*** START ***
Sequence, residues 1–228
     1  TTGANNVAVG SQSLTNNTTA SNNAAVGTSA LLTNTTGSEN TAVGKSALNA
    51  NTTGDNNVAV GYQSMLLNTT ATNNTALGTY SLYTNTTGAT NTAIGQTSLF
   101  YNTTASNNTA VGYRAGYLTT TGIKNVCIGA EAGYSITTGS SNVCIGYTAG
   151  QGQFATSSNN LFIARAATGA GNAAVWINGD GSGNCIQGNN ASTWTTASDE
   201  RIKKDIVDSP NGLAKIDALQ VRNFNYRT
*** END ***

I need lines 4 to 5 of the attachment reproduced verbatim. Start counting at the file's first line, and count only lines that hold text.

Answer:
   101  YNTTASNNTA VGYRAGYLTT TGIKNVCIGA EAGYSITTGS SNVCIGYTAG
   151  QGQFATSSNN LFIARAATGA GNAAVWINGD GSGNCIQGNN ASTWTTASDE